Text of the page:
3) Once you've knocked out a rimfire and rifle can, you may eventually want a pistol can. And why not, we all want to look like an assassin (note: the only thing I've killed recently was the remaining birthday cake from my daughter's party :angel: ). Just like the .30 cal can, you'll want to go with a .45 can for versatilities sake. Some have replaceable end caps that you can swap between 9mm and .45 caps. With any can the closer to the OD of the round your cap is the more gases the can will trap, and as a result you'll see more sound reduction, though just how much of an improvement is debatable.

So those are my thoughts, worth exactly what you paid for them, but some things I hope you'll ponder. Any way you go shooting suppressed is addictive. Once you do it you'll have a hard time going back to a public range with those heathens :mrgreen: who bang away without thinking of those around them.

Depending on where you're at I'll bet there are a couple members here that would gladly meet up with you to discuss and let you try out some cans.



Thanks a lot for the great tips on buying it's my first one this is very hopeful ..... We be great to try some cans before I buy :tiphat:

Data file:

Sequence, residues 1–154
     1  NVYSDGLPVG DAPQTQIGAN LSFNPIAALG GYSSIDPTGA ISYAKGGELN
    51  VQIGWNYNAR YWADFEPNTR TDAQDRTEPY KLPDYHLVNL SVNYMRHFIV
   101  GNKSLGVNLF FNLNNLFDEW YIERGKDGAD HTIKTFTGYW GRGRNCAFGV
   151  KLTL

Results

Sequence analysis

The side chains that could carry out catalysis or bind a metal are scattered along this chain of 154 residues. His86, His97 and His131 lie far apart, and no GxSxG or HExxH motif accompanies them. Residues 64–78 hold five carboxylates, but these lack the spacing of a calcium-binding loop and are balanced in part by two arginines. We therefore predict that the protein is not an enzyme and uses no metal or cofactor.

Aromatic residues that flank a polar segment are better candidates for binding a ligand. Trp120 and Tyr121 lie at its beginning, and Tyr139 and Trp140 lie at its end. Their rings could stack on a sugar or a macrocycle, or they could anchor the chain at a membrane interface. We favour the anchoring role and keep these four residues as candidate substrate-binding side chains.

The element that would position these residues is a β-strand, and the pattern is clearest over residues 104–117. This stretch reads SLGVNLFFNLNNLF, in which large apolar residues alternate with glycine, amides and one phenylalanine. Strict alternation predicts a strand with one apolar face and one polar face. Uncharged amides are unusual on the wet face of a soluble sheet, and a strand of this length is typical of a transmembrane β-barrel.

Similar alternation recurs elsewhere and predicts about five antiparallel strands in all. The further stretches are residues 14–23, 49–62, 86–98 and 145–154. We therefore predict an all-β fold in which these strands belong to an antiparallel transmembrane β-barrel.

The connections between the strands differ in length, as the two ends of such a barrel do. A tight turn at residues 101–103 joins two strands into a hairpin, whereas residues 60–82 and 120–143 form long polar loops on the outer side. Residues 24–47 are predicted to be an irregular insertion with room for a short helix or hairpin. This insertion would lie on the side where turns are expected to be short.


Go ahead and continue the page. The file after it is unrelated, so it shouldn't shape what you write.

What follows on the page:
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Re: Suppresor Talk/ options

#20

Post by TxD » Wed Feb 07, 2018 8:10 am

Caution: Thread hijack.
For an NFA Trust. Are fingerprints required for all trusties and beneficiaries or just pictures?
TIA
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Re: Suppresor Talk/ options

#21

Post by superstar » Wed Feb 07, 2018 8:49 am

Nice write up SigM4. Good points to consider.

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Re: Suppresor Talk/ options

#22

Post by Scott B. » Wed Feb 07, 2018 9:26 am

TxD wrote:Caution: Thread hijack.
For an NFA Trust. Are fingerprints required for all trusties and beneficiaries or just pictures?
TIA
For Form 1 or Form 4 items, all members of the trust have to be fingerprinted and photographed. FWIW, trusts are also taking much longer than individual applications.
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Re: Suppresor Talk/ options

#23

Post by SigM4 » Wed Feb 07, 2018 11:09 am

Scott B. wrote: FWIW, trusts are also taking much longer than individual applications.
Seeing right around 6 months right now. Not great, but a
definite improvement over just a couple years ago. It’s all relative though.
Success always occurs in private, and failure in full view.